Clement’s Best Quote:

“I’ve never had but one wrinkle, and I’m sitting on it.”

I don’t know about you, but aging like this doesn’t sound too bad. It sounds like a good life.

Enjoy life, learn to let go–even of those you love, crack a good joke, eat what you love, and don’t worry about the rest.

***

Mothering Mother is now available as an e-book! (click here to order for your Kindle)

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Today, my mother would have been 100 years old. I’m celebrating. She left this earth eight years ago, but she hasn’t left me. I spent the last three years of her life being her full-time caregiver and now, I’m back to being her full-time daughter. I feel the length and depth of our relationship. I see it as a whole or I can zoom in at any facet–when I was four and she adopted me, when I was fourteen with a splash of zits across my forehead, when I was 30 and a mother of three. Mother was there–for every stage. She still is.

I decided to take a quick glance at the year mother was born to see what it was like back then.

I decided to compare 1911 to 2011. Here are a few stats.

  • First use of aircraft as offensive weapon occurs in Turkish-Italian War. Italy defeats Turks and annexes Libya
  • Chinese Republic proclaimed after revolution overthrows Manchu dynasty. Sun Yat-sen named president
  •  Mexican Revolution: Porfirio Diaz, president since 1877, replaced by Francisco Madero
  • Roald Amundsen becomes first man to reach South Pole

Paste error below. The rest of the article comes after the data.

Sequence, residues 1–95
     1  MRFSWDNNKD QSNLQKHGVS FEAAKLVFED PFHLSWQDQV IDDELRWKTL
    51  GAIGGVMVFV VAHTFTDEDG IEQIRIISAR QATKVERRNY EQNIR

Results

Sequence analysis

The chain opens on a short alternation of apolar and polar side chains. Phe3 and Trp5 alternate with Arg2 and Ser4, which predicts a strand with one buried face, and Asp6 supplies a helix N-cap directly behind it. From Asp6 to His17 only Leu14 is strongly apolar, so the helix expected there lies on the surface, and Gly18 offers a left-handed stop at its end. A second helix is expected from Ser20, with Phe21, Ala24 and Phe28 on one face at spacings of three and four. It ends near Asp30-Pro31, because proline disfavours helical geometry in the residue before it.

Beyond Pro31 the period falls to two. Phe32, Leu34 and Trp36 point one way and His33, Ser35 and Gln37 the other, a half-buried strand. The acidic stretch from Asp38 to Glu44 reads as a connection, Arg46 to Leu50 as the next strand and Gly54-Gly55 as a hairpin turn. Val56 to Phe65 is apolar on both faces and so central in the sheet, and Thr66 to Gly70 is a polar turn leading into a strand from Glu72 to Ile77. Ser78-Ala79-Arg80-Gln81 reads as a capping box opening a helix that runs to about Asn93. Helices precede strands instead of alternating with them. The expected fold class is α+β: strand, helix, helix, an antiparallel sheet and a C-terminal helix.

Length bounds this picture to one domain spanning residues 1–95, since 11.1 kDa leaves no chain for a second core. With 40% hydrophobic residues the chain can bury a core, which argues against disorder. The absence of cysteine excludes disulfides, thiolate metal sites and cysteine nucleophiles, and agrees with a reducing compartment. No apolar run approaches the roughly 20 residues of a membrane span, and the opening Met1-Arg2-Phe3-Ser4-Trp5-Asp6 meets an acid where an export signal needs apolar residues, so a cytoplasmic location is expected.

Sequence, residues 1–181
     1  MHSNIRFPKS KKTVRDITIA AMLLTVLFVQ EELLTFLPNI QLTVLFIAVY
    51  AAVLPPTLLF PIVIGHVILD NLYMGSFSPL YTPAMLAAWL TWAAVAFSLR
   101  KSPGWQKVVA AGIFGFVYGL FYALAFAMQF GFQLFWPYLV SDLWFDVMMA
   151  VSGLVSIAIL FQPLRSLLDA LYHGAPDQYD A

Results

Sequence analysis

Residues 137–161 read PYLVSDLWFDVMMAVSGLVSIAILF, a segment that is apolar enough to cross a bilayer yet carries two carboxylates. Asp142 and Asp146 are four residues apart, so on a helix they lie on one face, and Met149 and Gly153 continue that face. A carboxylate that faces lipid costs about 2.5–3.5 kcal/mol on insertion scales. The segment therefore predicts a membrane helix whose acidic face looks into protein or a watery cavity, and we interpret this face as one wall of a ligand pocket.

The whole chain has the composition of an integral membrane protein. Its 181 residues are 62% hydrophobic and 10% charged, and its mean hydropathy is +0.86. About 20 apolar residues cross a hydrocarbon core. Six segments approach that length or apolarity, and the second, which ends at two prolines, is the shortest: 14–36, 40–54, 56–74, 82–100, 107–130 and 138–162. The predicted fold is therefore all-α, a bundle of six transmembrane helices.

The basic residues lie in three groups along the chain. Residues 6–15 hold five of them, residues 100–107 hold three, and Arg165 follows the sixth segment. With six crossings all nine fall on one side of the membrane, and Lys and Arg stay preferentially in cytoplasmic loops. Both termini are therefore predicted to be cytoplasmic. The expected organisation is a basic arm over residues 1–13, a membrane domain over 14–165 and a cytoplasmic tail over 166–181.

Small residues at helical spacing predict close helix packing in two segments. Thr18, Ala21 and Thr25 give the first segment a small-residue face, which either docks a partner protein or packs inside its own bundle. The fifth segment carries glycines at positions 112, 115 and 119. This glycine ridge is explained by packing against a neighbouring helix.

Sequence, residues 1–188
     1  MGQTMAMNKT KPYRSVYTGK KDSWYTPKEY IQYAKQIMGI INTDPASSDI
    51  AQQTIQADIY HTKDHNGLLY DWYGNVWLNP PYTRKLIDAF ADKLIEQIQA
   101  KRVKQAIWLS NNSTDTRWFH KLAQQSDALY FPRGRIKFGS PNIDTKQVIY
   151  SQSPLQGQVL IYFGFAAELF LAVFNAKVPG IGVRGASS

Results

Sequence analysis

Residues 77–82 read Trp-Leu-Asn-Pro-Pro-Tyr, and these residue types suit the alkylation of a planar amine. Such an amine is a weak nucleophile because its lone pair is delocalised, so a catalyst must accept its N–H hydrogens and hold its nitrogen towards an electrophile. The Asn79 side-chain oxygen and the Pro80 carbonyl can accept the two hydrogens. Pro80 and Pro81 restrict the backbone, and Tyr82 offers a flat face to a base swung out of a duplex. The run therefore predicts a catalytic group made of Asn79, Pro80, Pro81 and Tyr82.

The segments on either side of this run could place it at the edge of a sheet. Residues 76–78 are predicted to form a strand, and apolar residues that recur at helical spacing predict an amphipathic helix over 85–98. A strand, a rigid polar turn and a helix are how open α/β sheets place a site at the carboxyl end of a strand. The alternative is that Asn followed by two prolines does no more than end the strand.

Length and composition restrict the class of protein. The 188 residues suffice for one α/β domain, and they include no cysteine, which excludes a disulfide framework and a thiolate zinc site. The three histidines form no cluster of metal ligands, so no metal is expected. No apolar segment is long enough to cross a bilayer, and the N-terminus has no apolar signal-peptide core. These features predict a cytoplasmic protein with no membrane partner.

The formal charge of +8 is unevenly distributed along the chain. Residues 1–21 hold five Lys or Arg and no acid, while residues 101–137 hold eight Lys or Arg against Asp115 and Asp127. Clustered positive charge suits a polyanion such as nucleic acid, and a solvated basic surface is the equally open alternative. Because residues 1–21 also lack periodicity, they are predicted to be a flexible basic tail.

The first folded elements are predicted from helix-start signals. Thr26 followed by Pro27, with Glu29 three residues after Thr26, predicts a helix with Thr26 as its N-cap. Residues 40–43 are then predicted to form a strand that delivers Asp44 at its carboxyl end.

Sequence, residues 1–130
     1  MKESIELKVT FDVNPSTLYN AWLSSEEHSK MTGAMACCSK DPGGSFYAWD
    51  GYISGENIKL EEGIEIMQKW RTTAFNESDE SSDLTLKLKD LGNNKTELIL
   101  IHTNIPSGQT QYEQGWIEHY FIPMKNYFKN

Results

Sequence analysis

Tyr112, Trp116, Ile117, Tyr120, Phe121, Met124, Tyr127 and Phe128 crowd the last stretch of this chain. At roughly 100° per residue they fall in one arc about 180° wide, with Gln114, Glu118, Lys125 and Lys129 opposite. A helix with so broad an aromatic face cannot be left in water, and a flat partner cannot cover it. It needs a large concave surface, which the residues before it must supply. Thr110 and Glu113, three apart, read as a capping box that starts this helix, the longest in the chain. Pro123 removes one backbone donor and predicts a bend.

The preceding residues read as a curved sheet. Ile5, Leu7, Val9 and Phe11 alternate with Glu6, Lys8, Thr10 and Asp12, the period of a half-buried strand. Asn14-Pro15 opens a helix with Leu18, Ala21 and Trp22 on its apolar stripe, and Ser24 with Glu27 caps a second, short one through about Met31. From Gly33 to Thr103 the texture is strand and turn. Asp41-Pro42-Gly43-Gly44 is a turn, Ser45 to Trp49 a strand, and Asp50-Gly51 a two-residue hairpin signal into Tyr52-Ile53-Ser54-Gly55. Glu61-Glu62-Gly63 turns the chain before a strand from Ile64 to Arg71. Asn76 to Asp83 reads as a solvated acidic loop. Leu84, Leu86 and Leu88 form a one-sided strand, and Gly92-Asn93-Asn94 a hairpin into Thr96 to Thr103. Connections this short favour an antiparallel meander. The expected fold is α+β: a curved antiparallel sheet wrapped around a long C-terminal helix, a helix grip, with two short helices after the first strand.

• U.S. explorer Hiram Bingham discovers Incan city of Machu Picchu.
  • Marie Curie (France) receives the Nobel Prize for discovery of elements radium and polonium
  • Chevrolet was founded in France
  • Ronald Reagan and Lucille Ball were born in 1911
  • First class stamp: .02 cents
  • Child labor at its height in U.S.

I notice the beginning of the car-craze we  grapple with still, today, Only now we’re focused on oil and how to fuel our four-wheeled allies. How much it costs, who has it, who needs it. It’s a pawn. It influences governments, commerce, and is a huge player in war. I also noticed Libya in the news–way back then–and again, in 2011.

Other similarities: more amazing inventions and discoveries include:

  • A 9.0 earthquake rocks Japan followed by a nuclear reactor scare of radiation contamination hundreds of miles in diameter.
  • Egyptian citizens take to the streets demanding and later receiving governmental changes.
  • Lybia breaks out in civil unrest as do other Middle East countries.
  • Gas prices continue to soar after last year’s major oil catastrophe in the Gulf of the U.S and due to escalating problems in the Middle East and a growing demand for the product.
  • Unmanned aircraft by DARPA is capable of staying in the air for up to five years
  • Virgin birth of a shark–second occurence we’re aware of (not kidding, folks, here’s the link)
  • Travolution system (by Audi) that allows its cars to exchange information with traffic lights
  • Gene that leads to longer shelf-life in fruits and veggies (Why include this? Think globalization and how we keep tampering with our food)
  • Omniderm–a substitute for human skin has been invented (and patented) by Israeli researchers, also artificial  corneas created by  U.S. doctors that could potentially restore sight to the blind
  • CERN successfully completes tests on the world’s first particle collider ( a potential form of energy)
  • Child labor is outlawed in major countries, but human trafficking (including children) remains a serious concern
  • Stamps now cost 44 cents

It’s obvious. The world has changed. The world is changing. And yet, I notice how certain concerns circle back around.

In some ways, I’m sad that mother’s not here to blow out her own 100 candles. But realistically, no. I’m relieved she’s passed on and is a part of this great universe.